That the old men upset their domino game as they all stood simultaneously in attention.
That the sky momentarily lit up with a flash of heat lightning. She thought for a second, rain, but then realized the sensation was only her own water dripping down her legs.
That the temperature broke one hundred and five on that day. She said the heat made labor easy, that it helped to loosen all of her muscles. She said she knew I would be a boy and that the heat would make me just as stubborn as I was strong.
And she knew that I would take care of her—that we would take care of each other.
My ma told me the story whenever there was a heat wave passing through the city. Nothing could ever compare to my heat wave in her head. I couldn’t know that day better if I’d been there to see it. My Luciano’s heatwave was worse, it was better, we were lucky we survived it. That the heat was a blessing disguised as a curse, that her boy would be hot-blooded and naturally drawn to the fight. But my ma wasn’t scared. She clenched down on her teeth instead of screaming in pain.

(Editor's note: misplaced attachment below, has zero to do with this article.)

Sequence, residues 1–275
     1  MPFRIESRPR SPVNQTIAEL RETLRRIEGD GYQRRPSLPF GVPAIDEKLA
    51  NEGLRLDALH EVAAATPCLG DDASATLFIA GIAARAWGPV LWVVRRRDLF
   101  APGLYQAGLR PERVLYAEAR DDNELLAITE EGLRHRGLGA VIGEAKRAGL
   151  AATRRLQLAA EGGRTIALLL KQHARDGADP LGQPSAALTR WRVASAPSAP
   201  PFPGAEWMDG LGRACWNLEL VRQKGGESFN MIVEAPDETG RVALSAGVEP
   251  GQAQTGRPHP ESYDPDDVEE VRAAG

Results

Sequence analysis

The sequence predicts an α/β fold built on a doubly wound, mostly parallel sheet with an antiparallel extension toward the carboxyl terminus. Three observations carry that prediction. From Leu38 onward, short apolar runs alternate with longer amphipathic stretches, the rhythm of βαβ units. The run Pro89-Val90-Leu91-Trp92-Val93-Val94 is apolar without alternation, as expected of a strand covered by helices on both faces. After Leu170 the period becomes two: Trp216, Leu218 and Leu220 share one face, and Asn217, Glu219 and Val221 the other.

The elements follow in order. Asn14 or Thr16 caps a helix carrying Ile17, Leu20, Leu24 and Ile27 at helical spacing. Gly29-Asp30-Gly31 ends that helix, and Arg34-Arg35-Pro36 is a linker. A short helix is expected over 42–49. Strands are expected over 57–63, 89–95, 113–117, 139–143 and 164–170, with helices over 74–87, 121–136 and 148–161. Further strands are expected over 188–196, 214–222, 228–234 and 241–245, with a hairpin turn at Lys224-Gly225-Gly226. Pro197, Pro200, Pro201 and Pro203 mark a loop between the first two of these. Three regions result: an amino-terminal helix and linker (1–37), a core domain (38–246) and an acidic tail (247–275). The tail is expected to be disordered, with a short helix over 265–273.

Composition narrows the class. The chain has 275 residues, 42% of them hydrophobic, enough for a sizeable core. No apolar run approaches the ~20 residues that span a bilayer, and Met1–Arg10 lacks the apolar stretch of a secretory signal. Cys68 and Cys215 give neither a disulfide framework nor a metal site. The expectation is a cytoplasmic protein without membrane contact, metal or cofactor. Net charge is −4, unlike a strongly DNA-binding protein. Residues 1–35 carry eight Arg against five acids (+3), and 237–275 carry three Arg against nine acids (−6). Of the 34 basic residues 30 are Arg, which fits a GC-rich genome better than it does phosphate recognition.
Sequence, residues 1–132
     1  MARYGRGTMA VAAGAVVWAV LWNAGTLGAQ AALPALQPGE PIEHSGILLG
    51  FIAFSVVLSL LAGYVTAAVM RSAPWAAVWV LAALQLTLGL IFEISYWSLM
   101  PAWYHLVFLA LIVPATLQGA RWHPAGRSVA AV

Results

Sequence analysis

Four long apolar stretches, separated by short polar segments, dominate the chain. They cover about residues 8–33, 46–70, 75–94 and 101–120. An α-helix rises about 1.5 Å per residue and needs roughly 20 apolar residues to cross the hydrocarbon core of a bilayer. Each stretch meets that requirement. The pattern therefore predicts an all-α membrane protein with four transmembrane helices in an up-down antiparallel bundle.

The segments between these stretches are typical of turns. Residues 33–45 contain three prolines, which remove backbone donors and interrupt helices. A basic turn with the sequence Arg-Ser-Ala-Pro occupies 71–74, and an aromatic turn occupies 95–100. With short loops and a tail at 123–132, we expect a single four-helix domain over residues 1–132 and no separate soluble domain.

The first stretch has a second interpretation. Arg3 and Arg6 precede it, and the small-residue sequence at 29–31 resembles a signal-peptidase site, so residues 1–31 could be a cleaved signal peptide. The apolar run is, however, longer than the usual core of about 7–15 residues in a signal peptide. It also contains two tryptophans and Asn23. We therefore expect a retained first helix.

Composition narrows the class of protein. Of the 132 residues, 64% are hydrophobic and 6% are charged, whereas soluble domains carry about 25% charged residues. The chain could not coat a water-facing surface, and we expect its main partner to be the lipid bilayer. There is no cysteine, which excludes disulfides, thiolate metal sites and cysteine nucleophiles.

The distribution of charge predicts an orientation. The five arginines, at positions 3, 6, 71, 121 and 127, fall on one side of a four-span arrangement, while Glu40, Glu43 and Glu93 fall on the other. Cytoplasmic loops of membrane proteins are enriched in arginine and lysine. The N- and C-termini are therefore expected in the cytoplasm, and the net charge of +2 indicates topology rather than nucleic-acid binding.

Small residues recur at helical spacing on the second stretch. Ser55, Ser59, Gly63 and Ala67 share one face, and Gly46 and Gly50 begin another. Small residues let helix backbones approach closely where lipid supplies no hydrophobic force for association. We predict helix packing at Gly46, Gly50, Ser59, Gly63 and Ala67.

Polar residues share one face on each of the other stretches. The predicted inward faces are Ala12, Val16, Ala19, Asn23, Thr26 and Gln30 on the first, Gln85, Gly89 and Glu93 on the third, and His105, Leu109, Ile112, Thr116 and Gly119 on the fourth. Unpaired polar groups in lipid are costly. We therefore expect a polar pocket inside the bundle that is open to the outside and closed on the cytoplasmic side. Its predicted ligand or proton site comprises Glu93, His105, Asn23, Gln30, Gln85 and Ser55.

In Spanish, for giving birth, they say, giving light. My ma swears up and down that I was born to save her life. Luciano, she named me, the giver of light.
That night a five-alarm fire burnt down almost our whole block. Faulty wiring, they said. Six people died, all of them in our rundown building. Everything she owned became ash. The only reason we weren’t too was on account of my spontaneous entrance.
We moved less than a mile away into a tiny apartment my Tía Betty shared with their uncle. A year later, Belén was born, and from that moment on, we slept in the same crib. It seems like my whole life my cousin has always been right next to me. I would wake up when she’d cry and drift back to sleep as she did.
Now I lie on my back, wounded, probably mortally. Alone, unarmed, in prime enemy territory. What I wouldn’t give to be by her side now.
Belén. My cousin. My own heat wave. The flame to my fire.
About Mara White
Mara White is a contemporary romance and erotica writer who laces forbidden love stories with hard issues, such as race, gender and inequality. She holds an Ivy League degree but has also worked in more strip clubs than even she can remember. She is not a former Mexican telenovela star contrary to what the tabloids might say, but she is a former ballerina and will always remain one in her heart. She lives in NYC with her husband and two children and yes, when she’s not writing you can find her on the playground.